My Mother Was a Computer: Digital Subjects and Literary Texts

Front Cover
University of Chicago Press, Oct 15, 2005 - Computers - 290 pages
3 Reviews
We live in a world, according to N. Katherine Hayles, where new languages are constantly emerging, proliferating, and fading into obsolescence. These are languages of our own making: the programming languages written in code for the intelligent machines we call computers. Hayles's latest exploration provides an exciting new way of understanding the relations between code and language and considers how their interactions have affected creative, technological, and artistic practices.

My Mother Was a Computer explores how the impact of code on everyday life has become comparable to that of speech and writing: language and code have grown more entangled, the lines that once separated humans from machines, analog from digital, and old technologies from new ones have become blurred. My Mother Was a Computer gives us the tools necessary to make sense of these complex relationships. Hayles argues that we live in an age of intermediation that challenges our ideas about language, subjectivity, literary objects, and textuality. This process of intermediation takes place where digital media interact with cultural practices associated with older media, and here Hayles sharply portrays such interactions: how code differs from speech; how electronic text differs from print; the effects of digital media on the idea of the self; the effects of digitality on printed books; our conceptions of computers as living beings; the possibility that human consciousness itself might be computational; and the subjective cosmology wherein humans see the universe through the lens of their own digital age.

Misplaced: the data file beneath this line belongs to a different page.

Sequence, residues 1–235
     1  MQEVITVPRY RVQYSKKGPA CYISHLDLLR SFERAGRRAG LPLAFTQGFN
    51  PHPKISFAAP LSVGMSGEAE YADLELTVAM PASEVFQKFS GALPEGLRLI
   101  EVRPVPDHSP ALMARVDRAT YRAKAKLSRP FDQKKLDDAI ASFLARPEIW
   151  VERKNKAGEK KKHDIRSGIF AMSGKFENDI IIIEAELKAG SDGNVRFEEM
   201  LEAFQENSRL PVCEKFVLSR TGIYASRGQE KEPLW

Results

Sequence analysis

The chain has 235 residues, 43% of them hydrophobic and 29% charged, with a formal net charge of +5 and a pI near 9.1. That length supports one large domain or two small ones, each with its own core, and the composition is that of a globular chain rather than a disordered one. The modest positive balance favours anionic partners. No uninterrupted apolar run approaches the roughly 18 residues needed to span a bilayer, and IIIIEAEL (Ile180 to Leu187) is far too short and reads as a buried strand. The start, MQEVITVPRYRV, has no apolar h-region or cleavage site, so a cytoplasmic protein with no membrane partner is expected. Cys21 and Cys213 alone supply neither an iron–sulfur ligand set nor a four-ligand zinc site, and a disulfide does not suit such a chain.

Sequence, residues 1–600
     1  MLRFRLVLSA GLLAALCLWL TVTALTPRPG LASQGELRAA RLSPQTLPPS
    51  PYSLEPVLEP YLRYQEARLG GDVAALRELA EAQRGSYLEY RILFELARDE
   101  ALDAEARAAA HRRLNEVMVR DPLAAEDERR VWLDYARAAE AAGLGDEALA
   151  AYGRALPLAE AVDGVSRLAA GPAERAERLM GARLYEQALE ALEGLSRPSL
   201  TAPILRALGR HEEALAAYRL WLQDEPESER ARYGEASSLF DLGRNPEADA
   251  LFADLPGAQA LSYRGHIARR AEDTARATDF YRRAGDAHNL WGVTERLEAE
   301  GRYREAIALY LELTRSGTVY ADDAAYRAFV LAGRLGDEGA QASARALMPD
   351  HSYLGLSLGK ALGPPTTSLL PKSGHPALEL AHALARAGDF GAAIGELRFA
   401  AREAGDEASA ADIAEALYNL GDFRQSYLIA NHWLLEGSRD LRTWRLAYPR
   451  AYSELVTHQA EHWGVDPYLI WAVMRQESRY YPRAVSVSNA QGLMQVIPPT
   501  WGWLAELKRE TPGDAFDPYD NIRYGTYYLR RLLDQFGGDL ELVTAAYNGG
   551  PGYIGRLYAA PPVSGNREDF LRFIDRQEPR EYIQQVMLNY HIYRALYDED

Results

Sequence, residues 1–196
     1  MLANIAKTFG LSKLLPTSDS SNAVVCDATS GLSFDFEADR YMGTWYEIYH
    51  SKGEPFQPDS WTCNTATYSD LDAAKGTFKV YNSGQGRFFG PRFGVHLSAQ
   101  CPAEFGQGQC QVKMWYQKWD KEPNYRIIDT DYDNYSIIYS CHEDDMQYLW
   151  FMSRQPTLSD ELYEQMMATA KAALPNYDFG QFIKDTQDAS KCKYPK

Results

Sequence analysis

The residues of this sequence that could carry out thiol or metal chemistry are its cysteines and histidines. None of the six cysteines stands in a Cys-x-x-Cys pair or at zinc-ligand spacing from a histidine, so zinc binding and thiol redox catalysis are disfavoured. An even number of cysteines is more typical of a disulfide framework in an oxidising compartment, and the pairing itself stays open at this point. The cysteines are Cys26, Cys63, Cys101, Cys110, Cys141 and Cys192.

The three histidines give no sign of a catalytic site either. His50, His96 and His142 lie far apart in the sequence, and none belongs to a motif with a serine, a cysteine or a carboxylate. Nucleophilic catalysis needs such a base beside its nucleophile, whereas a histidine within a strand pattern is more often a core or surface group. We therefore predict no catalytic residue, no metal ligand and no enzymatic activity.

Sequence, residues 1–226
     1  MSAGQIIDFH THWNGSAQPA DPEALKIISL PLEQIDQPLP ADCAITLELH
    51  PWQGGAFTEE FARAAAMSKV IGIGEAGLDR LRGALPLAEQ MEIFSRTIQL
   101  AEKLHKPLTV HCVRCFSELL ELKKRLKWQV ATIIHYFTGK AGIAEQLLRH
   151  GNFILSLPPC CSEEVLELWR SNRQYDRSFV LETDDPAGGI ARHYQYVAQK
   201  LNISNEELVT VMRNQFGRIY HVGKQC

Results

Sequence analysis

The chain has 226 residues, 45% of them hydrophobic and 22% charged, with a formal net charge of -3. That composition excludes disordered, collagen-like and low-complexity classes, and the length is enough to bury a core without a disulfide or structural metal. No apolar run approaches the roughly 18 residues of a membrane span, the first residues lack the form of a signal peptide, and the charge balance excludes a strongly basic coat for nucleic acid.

We are the children of computers in more than one sense, and no critic has done more than N. Katherine Hayles to explain how these technologies define us and our culture. Heady and provocative, My Mother Was a Computer will be judged as her best work yet.
  

What people are saying - Write a review

Review: My Mother Was a Computer: Digital Subjects and Literary Texts

User Review  - Tbfrank - Goodreads

I have made two attempts to read this book and have been unable to get beyond forty pages. Despite the intriguing title, the work is oriented to an academic audience. The continual reference to work ... Read full review

Review: My Mother Was a Computer: Digital Subjects and Literary Texts

User Review  - Steen Christiansen - Goodreads

As always, an immensely ambitious and successful work on who and what we are as a species. Also as always, I find Hayles' theoretical work more fascinating than her readings, yet her readings are still strong. Read full review

Contents

Intermediation Textuality and the Regime of Computation
15
Speech Writing Code Three Worldviews
39
The Dream of Information Escape and Constraint in the Bodies of Three Fictions
62
STORING Print and Etext
87
Translating Media
89
Performative Code and Figurative Language Neal Stephensons Cryptonomicon
117
Flickering Connectivities in Shelley Jacksons Patchwork Girl
143
TRANSMITTING Analog and Digital
169
Unmasking the Agent Stanislaw Lems The Mask
171
Simulating Narratives What Virtual Creatures Can Teach Us
193
Subjective Cosmology and the Regime of Computation Intermediation in Greg Egans Fiction
214
Recursion and Emergence
241
Notes
245
Works Cited
265
Index
279
Copyright

Common terms and phrases

References to this book

All Book Search results »

About the author (2005)

N. Katherine Hayles is the John Charles Hillis Professor of Literature at the University of California, Los Angeles. She is the author of three books, including How We Became Posthuman: Virtual Bodies in Cybernetics, Literature, and Informatics, and the editor of Chaos and Order: Complex Dynamics in Literature and Science, both published by the University of Chicago Press.


Bibliographic information